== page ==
Tesla’s financial success and uncertain future depends largely on how well their upcoming Model X sells. Luckily for the electric car pioneer, the X has more than a few things going for it that gas-powered SUVs just can’t touch:
Whether in the front, middle or rear of the car, an engine hogs valuable space that could otherwise be used for storage as well as crumple zone to absorb the impact of an accident.
The Model X doesn’t have an engine. Instead it comes standard with a relatively tiny 300hp rear mounted electric motor and an optional 150hp front mounted motor.
With either setup the X leaves a gaping storage space under the hood large enough to hold an extra set of luggage. In a head-on collision with a Ford Explorer for example, the X wins the crumple zone battle while scoring points for a unique way to destroy a spouse’s unnecessary set of extra luggage.
X-Factor Bonus: 0-60mph in 4.4 seconds – on par with the 2011 Ford Mustang 5.0.
You know that giant hump on the floor of most every gas-powered car you’ve ever been in? That’s the transmission. The X’s drivetrain is linked directly to its potent little motors, eliminating the need for a space-wasting transmission and drastically increasing interior space.
X-Factor Bonus: Optional all-wheel drive, hump not included.
LOW CENTER OF GRAVITY
The cliché SUV of years past is a top heavy beast that rolls over with ease during an emergency lane change at highway speeds - sometimes the faulty tires blowout for added effect.
Where the aforementioned transmission would be in such vehicles, the X has a flat battery pack that runs from the front to rear wheels, lowering the center of gravity and significantly improving handling.
X-Factor Bonus: The X’s electric powertrain is a universal platform on which Tesla plans to build other vehicles. Tesla CEO Elon Musk said this should help drive the price point down to the $30,000 range on an upcoming “Mass Market” vehicle.
FALCON WING DOORS
They might seem like a gimmick, and to a certain extent they probably are, but falcon wing doors do actually have a practical purpose.
In a presentation to the media, Elon Musk stood up inside the X with his head sprouting above the roofline to show how the doors opened up a gaping space to load and unload the vehicle.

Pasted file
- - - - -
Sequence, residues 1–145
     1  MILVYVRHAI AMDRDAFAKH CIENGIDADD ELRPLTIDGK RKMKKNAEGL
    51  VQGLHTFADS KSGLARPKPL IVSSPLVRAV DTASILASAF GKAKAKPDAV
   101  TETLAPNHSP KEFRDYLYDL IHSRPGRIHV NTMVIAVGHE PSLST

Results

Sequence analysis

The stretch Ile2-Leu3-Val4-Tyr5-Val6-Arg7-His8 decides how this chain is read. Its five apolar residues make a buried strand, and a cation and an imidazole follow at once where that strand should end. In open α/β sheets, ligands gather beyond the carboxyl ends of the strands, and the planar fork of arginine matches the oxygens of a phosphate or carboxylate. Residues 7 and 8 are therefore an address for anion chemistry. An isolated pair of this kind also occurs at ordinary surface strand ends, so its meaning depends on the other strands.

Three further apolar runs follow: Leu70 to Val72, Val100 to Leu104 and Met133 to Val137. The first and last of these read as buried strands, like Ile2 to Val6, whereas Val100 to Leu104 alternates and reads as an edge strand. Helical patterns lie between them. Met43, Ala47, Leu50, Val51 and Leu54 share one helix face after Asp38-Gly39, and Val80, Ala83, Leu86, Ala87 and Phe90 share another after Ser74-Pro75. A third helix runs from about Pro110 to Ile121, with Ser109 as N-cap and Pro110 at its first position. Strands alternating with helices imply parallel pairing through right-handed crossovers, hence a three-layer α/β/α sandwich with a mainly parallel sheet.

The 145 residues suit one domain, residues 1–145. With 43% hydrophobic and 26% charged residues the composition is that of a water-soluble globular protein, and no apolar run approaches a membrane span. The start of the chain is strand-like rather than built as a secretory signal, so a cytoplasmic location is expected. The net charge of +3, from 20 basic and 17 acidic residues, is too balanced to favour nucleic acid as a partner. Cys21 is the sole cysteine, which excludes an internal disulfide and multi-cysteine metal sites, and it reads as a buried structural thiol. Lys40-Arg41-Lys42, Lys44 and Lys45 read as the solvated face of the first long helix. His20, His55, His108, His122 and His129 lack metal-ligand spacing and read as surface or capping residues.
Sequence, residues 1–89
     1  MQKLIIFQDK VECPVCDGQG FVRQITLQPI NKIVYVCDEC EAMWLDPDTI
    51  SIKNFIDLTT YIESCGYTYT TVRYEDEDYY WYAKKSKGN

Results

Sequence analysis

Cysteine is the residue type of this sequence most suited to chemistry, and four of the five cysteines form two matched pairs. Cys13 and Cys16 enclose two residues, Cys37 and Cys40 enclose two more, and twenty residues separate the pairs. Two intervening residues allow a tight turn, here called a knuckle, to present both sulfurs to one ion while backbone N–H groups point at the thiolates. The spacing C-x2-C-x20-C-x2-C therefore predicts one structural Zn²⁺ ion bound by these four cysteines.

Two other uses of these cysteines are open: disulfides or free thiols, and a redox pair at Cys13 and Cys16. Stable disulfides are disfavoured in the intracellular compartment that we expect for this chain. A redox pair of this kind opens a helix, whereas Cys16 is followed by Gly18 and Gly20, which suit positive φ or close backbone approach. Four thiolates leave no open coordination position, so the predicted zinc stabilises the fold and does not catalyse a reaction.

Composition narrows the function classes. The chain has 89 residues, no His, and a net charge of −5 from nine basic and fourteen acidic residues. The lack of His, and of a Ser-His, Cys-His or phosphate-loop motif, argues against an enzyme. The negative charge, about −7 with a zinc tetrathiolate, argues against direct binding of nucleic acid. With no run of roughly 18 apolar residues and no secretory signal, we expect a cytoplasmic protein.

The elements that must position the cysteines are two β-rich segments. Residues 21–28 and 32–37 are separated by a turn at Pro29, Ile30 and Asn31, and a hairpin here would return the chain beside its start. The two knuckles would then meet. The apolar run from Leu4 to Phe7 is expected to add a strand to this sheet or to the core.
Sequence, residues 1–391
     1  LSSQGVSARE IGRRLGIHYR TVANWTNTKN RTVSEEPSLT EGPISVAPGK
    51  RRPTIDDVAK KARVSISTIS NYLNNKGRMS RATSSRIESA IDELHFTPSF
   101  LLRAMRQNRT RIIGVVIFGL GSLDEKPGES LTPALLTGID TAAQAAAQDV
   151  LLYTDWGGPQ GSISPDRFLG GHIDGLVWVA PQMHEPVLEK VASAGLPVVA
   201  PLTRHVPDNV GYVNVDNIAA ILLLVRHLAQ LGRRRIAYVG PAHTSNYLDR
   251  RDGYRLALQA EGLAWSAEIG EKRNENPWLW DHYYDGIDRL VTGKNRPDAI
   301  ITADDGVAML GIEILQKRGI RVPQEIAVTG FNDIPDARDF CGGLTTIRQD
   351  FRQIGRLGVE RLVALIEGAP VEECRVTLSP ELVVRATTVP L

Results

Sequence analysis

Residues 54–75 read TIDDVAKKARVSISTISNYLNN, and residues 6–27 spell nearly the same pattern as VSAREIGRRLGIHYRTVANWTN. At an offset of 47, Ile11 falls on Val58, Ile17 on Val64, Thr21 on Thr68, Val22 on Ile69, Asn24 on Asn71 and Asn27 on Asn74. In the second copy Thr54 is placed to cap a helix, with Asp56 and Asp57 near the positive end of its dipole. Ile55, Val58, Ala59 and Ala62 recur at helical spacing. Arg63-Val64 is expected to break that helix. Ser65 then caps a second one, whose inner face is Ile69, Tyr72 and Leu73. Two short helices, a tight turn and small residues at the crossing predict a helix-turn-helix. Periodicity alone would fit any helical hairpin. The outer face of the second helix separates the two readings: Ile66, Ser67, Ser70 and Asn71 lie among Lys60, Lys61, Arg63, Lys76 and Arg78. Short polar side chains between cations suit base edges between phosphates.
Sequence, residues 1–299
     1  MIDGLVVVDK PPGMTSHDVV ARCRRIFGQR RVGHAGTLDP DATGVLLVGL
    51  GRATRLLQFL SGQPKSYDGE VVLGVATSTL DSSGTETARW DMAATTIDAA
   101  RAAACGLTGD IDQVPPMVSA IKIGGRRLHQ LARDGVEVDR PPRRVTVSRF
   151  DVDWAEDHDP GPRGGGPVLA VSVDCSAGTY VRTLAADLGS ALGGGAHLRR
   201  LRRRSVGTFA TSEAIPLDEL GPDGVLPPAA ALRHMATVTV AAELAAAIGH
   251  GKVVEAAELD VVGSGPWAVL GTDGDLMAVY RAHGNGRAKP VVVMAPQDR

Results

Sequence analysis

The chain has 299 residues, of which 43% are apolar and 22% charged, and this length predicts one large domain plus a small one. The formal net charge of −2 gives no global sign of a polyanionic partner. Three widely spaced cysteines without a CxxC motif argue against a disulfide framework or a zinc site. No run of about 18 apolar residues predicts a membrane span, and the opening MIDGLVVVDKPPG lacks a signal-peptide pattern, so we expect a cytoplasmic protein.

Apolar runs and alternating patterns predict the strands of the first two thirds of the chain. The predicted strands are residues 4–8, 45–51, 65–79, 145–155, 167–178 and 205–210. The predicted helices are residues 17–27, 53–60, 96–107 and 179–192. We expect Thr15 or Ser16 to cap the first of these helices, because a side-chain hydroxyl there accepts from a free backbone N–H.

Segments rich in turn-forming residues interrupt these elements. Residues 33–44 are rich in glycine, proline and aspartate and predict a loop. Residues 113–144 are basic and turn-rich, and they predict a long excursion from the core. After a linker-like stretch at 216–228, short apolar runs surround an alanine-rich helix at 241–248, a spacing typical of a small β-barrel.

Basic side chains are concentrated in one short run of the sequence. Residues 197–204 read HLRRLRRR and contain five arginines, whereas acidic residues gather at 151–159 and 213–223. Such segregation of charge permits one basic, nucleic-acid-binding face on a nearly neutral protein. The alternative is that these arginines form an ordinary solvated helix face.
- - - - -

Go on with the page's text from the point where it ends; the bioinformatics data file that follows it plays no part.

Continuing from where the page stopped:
Keep in mind these are Falcon wing doors, not to be confused with Gullwing doors. The distinction is important. Gullwing doors open out before up, making it harder to exit a vehicle equipped with them in a parking stall without smashing the novelty hunks of metal on adjacent cars.
The X’s Falcon Wing doors shrug upwards before moving outwards, eliminating this embarrassing problem.
X-Factor Bonus: Tesla claims if passengers can fit between a parked car and the X, the Falcon wing doors will have ample space to open. Can “normal” doors do that?
As mentioned above, these unique attributes had better be worth the X’s estimated $60,000-$100,000 asking price to potential buyers, not only because of the lofty cost, but also for the amount of money Tesla spent developing the technology that make the X a cutting edge electric vehicle.
In 2011 Tesla spent $208 million on research and development alone. That same year they lost $254 million after losing roughly $154 million in 2010.
On paper these numbers might seem like the gambling debts of a man who lost his mind making his hair stand up from touching a static electric ball too many times, but in reality the losses could prove to be valuable investments.
Outside of their own sales, Tesla understands the technological advances produced from their expensive work have a definite street value to major automakers. The young company has signed contracts with Toyota and Mercedes to help them develop their own electric cars.
That’s right – the minds behind the ever-popular Prius want Tesla's help to develop electric cars.
Tesla’s earnings from such deals increased from $19 million in 2010 to $55 million in 2011, indicating the X has much more to offer than bird doors. (1)
Still, there’s no denying that how well the Model X sells will play a huge role in Tesla's long term viability. After all, the company doesn’t produce a single gas-powered car to fall back on and won’t be able to rely on government grants indefinitely.
As of February 16 of this year Tesla had confirmed more than 500 reservations for the X at a cost of $5,000 per reservation. Tesla estimates the resulting sales could total $40,000 million. (1)
For American taxpayers, those figures should
grant some optimism for return on their investment, especially if Tesla technology eventually finds its way into an entry-level electric car, even if it’s not a Tesla.